Consumer Relief! Nersa Declines Eskom Tariff Hike

No-go for Eskom Tariff Hike!

Eskom’s electricity tariff hike application has been rejected by the National Electricity Regulator of South Africa.

According to the chairman of Nersa, Jacob Modise the decision to decline its rate hike request was based on the utility failing to justify delays in commissioning new power stations in Medupi, Ingula and Kusile.

Eskom did not assess how R23billion would affect its monetary performance, nor did it clarify the effect that its R60billion loan would have, after a government conversion into equity.

‘Selective Reopener’ Against Nersa Guidelines 

The utility submitted a proposal for a ‘selective reopener’ of the 3rd multiyear price determination (MYPD3), which it would pursue during the last 3 years of the 5-year determination period, having started on 1st April, 2013 and running till 31st March, 2018. However, Eskom’s proposed ‘selective re-opener’ was found to go against the Nersa guidelines

Nersa to Incentivise and Penalise Eskom 

Furthermore, Nersa announced it would be looking at ways of incentivising Eskom to take better care of its timeworn power plant fleets, as well as ways of penalising it for inefficiency and inadequate upkeep.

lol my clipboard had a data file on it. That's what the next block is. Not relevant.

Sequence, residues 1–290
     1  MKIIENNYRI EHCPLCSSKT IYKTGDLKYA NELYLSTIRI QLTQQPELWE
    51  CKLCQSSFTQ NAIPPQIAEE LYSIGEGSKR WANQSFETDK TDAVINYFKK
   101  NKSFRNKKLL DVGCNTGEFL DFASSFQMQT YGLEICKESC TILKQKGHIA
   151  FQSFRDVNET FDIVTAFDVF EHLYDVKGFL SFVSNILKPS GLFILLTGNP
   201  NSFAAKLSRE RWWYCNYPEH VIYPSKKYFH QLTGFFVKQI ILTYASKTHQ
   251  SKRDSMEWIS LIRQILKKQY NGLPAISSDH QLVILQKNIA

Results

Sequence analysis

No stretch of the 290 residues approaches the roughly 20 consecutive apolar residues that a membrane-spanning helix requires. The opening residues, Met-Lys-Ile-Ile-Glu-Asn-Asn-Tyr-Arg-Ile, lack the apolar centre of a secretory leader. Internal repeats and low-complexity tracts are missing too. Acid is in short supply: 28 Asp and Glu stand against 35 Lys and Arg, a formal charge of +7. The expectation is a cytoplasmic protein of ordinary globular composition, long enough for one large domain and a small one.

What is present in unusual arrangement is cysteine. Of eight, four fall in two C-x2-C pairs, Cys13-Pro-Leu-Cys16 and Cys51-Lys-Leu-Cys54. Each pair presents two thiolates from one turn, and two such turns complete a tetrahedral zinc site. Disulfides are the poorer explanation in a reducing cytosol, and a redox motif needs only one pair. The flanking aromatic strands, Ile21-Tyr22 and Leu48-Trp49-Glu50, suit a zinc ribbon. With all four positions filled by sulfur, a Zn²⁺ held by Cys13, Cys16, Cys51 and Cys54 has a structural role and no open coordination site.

Eskom responded on Monday, advising it would examine the particulars of Nersa’s decline of its supposed 9.58% electricity tariff hike request and confer with government, before making any further comment on the matter.

A Triumph for Consumers 

The Democratic Alliance (DA) praised Nersa’s decision as a victory for consumers, the economy and the unemployed of South Africa. DA shadow minister of energy Gordon Mackay commended the energy regulator for showing authentic objectivity.

Nersa held its own, despite severe pressure from the ruling African National Congress alliance (ANC) and government to increase electricity tariffs by an alleged 25.3%, which surely would have been catastrophic for our economy.

Mackay dismissed Eskom’s request as ‘unthinkable’, as it would have resulted in mass job losses, an unmaintainable rise in input costs, and the inevitable liquidation of small and medium-sized firms throughout the country.